National Romanticism and Modern Architecture in Germany and the Scandinavian Countries

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Cambridge University Press, Jun 19, 2000 - Architecture - 432 pages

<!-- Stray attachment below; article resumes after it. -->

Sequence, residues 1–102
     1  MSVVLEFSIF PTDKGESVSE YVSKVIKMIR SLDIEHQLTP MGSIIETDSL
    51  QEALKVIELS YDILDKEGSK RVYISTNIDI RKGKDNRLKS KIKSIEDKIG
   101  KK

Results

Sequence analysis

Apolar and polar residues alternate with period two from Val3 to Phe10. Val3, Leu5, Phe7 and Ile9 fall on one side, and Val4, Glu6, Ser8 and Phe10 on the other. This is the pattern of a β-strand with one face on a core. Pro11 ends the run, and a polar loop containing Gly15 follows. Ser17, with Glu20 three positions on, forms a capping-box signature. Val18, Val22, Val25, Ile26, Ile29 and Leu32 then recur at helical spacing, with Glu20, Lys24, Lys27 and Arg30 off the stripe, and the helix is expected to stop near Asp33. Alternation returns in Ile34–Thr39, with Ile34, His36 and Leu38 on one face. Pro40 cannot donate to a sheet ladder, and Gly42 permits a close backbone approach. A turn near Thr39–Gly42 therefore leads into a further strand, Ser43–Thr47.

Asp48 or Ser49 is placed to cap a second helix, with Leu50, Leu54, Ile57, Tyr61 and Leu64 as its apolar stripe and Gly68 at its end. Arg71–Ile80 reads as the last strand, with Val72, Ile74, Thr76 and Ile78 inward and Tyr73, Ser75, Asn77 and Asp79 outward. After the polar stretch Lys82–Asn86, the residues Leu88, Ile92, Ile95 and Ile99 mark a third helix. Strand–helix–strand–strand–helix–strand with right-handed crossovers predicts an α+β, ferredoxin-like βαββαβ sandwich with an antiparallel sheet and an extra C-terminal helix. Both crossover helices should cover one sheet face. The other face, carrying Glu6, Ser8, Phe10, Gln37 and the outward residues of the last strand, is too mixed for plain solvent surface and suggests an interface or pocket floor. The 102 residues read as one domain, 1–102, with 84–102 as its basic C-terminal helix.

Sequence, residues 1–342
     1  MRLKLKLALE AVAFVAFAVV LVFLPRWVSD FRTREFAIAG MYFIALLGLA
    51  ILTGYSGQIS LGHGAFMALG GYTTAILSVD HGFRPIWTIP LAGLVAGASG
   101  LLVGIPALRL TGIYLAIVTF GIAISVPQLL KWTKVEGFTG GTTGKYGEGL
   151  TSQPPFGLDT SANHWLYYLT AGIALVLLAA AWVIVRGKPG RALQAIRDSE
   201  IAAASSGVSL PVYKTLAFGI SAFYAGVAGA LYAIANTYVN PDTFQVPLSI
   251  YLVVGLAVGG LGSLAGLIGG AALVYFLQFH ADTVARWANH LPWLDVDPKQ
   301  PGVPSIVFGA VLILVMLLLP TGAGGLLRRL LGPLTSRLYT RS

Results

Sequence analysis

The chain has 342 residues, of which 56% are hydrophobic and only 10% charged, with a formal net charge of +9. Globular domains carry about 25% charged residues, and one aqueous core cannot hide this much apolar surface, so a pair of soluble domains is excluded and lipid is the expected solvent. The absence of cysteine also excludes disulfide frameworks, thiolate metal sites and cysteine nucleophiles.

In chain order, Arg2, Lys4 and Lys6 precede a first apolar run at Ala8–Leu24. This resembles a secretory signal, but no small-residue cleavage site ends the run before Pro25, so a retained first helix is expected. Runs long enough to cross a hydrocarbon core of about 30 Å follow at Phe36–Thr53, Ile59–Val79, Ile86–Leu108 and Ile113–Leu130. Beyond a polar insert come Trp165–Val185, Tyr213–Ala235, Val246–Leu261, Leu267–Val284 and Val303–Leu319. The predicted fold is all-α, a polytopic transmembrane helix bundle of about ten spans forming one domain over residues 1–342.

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Barbara Miller Lane focuses on the movement called "National Romanticism," which flourished in Germany and Scandinavia from about 1890 to 1920, and offers a new interpretation of its origins. During this period, painters, interior designers, city planners and architects created a new kind of domestic architecture and interior design, as well as monumental architecture. Drawing on local and regional folk traditions, and encouraging a simple way of life, architects such as Eliel Saarinen, Hans Poelzig, and Martin Nyrop, among others, looked back to medieval and even prehistoric times for their models, as they tried to create a new architecture for the new millennium.

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